Sexy stretching by Seventeen (how it looks for me) :

  • Seungkwan you’re doing it wrong stop kid.
  • Mingyu idk if that is sexy but damn jawline on point.
  • Coups looks drunk (I’m laughing so hard looking at him lol).
  • Woozi is in his little high world.
  • Jun looks kind of wierd.
  • Minghao stop you can’t be sexy you’re too cute and pure for this world.
  • DK you flirty shit.
  • Joshua idk what to say about him besides of the fact that he looks hella fine.
  • Dino is going to kill us after 2-3 years, listen to me.
  • Hoshi sexy as usual lol.
  • Wonwoo looks kind of creepy.
  • Hansol dissaper at one point you can see only his sexy neck.
The disappearance of Ladino

The ladino originated in Spain, began to spread across Europe, the Ottoman Empire and more around 1492, when Jews were expelled from Spain, according to the Foundation for the advancement of studies and Sephardic culture. From the 16th century until the 19th, nearly all the approximately 200,000 Jews in the Ottoman Empire spoke ladino, according to Rachel Bortnick, a native, activist speaker and writer in ladino from Turkey.

The proliferation of schools in French language in the 19th century gave the first blow to ladino, according to Bortnick. As members of the Sephardic community emigrated to Europe and America in the 20th century and assimilated to new cultures, the ladino as spoken language began to decline.

The Holocaust would destroy more than 100,000 speakers of ladino in Europe, especially those of Greece, the Balkans and the Aegean Islands, according to Bortnick, and post-war immigration would not help the cause of the language. As a result, the only native speakers of ladino are elderly, which is a challenge for those involved in the rescue of the language by its cultural and historical value.
“I don’t think that there are many possibilities to continue not be spoken”, said Ryfat Bali, an independent researcher on Turkish Jews and owner of the publishing house Libra in Istanbul.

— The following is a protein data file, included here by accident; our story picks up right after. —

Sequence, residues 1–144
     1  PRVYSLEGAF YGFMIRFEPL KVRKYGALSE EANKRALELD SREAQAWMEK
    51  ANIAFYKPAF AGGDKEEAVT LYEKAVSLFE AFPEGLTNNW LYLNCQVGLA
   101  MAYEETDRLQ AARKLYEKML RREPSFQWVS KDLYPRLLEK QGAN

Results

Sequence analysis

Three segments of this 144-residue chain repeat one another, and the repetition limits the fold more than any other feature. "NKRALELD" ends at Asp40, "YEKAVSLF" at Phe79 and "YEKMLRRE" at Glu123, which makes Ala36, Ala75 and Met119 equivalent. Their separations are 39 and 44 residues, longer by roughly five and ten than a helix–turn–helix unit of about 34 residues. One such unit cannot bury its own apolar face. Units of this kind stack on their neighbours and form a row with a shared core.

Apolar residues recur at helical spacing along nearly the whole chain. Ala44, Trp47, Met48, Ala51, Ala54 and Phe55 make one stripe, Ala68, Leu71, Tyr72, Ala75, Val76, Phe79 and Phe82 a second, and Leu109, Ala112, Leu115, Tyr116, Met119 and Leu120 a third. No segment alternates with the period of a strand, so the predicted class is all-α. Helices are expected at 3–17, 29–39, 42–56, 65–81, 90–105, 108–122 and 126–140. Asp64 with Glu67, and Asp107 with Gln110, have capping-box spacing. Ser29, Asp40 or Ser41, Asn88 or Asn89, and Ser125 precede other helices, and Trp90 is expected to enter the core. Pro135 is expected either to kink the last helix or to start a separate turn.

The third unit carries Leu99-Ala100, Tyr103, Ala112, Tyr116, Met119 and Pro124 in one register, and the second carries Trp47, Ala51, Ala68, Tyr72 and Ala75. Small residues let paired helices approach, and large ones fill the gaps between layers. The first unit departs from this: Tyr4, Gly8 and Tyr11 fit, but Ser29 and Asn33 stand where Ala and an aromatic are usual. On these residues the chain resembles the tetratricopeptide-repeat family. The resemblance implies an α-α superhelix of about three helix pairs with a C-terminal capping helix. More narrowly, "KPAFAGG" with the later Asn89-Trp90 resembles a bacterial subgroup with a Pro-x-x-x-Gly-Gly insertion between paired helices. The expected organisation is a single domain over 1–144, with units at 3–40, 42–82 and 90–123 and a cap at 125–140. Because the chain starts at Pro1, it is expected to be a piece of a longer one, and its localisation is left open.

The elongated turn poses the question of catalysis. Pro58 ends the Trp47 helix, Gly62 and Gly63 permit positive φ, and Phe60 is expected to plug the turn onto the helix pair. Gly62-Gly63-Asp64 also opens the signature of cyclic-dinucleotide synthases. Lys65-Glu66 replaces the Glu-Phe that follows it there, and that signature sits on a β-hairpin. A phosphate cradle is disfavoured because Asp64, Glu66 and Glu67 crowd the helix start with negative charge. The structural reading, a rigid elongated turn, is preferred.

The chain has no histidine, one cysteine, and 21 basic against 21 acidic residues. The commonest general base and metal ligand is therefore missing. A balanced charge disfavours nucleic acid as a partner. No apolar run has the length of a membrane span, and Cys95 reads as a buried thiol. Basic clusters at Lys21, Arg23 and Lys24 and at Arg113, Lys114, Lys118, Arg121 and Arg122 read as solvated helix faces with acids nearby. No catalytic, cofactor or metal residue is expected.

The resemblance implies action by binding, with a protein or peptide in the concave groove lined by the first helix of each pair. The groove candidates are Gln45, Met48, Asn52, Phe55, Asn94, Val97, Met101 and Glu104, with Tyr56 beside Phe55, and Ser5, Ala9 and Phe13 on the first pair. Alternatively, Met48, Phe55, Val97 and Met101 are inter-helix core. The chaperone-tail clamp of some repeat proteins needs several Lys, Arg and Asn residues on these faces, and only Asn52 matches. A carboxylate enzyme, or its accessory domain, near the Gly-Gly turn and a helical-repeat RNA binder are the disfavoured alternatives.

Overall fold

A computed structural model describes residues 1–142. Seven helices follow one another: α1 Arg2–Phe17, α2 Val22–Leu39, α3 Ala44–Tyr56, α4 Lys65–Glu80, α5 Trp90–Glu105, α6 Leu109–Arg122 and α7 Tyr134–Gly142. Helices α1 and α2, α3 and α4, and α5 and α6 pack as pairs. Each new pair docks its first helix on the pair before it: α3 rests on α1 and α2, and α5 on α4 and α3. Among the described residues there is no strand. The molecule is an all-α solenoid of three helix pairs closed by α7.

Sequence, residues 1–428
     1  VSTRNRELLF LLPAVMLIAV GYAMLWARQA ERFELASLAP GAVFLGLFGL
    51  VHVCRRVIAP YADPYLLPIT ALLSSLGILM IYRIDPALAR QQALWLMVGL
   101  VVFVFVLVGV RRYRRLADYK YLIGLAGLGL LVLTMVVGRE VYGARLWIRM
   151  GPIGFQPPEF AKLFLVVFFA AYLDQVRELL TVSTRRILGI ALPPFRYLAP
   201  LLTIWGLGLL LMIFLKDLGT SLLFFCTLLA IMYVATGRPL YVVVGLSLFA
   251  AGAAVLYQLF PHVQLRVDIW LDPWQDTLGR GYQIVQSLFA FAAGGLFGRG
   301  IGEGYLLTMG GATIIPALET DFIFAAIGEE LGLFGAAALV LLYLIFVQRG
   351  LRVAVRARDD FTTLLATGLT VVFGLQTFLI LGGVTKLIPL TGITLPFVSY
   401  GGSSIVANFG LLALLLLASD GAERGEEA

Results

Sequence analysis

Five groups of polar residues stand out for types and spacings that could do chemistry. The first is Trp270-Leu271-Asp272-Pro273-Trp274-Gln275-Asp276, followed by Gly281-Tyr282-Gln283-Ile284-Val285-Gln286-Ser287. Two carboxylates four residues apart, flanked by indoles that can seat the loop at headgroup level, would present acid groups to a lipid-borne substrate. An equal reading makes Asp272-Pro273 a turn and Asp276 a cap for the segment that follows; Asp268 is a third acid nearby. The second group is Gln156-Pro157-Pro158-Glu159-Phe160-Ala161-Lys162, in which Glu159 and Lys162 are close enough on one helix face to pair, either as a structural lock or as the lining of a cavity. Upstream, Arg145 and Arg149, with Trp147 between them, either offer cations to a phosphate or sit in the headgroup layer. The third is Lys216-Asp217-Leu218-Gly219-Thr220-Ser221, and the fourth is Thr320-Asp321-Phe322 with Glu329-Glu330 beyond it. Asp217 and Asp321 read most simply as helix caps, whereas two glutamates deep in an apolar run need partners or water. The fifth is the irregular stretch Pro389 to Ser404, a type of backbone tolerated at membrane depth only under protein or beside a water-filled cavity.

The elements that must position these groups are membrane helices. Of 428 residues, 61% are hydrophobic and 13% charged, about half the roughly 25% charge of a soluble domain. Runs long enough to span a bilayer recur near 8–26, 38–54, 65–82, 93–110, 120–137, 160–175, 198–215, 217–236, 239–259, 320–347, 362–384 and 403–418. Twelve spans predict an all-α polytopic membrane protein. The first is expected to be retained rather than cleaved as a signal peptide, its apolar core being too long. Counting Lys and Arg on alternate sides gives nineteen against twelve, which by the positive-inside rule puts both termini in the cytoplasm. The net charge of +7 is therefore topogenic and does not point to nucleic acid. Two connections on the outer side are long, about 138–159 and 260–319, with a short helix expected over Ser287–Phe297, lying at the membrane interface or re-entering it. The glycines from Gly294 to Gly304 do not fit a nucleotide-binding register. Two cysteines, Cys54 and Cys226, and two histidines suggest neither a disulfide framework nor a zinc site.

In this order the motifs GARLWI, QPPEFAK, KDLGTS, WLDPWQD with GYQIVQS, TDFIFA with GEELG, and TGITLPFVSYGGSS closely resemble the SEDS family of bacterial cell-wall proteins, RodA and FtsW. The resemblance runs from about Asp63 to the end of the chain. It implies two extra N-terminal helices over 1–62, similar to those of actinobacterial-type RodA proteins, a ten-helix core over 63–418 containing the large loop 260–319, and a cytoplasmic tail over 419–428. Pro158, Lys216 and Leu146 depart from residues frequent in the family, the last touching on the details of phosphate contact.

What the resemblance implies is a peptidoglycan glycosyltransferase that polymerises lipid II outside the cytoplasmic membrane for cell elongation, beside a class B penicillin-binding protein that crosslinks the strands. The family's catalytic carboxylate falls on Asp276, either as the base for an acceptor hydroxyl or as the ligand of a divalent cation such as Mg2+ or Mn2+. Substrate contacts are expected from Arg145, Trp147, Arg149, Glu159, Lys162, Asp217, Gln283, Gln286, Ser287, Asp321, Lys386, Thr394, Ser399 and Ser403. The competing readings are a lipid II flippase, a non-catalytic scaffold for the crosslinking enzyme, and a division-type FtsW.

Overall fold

In Anatolia, the ladino began its decline during the Foundation of the Turkish Republic, in the Decade of 1920, when the country’s leaders tried to create a new national identity in part through language.
“One of the conditions was that you had to speak Turkish in public space,” according to Bali.  

“There were signs, even in bus stations, saying:” citizens, speak Turkish! ’ “, says Bortnick, who writes articles for Salom and El Amaneser, among other publications on Ladino.”
Although some Turkish Jews speak Turkish, they did it with a strong accent. Assimilation required to learn Turkish both at home and at school, says Bali, sowing the seeds of the disappearance of the ladino in Turkey.
“We felt shame speak ladino on the street, as our parents did,” said Bortnick, who now lives in Dallas.      

 At the end of 1920, written Turk was experiencing its own linguistic changes, the change of the Arabic script to a modified Latin alphabet. That also had consequences for the ladino, Bortnick said. At that time, parts of the Jewish media in the country were publishing on alfabeto Rashi, a style of Hebrew letter that was the original way of writing of the ladino. In those days, the last remnants of the turco-judio press went also to the Latin alphabet.
As a result of these historical and cultural events, it is not clear how many Ladino speakers remain. While Bortnick has heard estimates in the range of 100,000 to 150,000 speakers around the world, believes that these figures are too optimistic.
“What I do know is that in the world today, theres no one whose only language is ladino"

Source: El resurgir de la lengua ladino (Esefarad) http://esefarad.com.ar/?p=41252